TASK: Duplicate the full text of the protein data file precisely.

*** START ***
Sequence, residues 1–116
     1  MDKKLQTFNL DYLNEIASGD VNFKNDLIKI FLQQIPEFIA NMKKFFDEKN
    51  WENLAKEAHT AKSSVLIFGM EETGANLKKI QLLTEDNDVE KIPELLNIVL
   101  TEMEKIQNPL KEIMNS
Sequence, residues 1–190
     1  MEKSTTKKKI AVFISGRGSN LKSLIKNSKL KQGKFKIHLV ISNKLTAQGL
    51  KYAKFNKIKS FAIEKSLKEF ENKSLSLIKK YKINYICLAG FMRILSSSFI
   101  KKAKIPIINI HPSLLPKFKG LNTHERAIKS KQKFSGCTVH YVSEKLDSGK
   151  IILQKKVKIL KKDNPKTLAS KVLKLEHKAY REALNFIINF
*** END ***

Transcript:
Sequence, residues 1–116
     1  MDKKLQTFNL DYLNEIASGD VNFKNDLIKI FLQQIPEFIA NMKKFFDEKN
    51  WENLAKEAHT AKSSVLIFGM EETGANLKKI QLLTEDNDVE KIPELLNIVL
   101  TEMEKIQNPL KEIMNS
Sequence, residues 1–190
     1  MEKSTTKKKI AVFISGRGSN LKSLIKNSKL KQGKFKIHLV ISNKLTAQGL
    51  KYAKFNKIKS FAIEKSLKEF ENKSLSLIKK YKINYICLAG FMRILSSSFI
   101  KKAKIPIINI HPSLLPKFKG LNTHERAIKS KQKFSGCTVH YVSEKLDSGK
   151  IILQKKVKIL KKDNPKTLAS KVLKLEHKAY REALNFIINF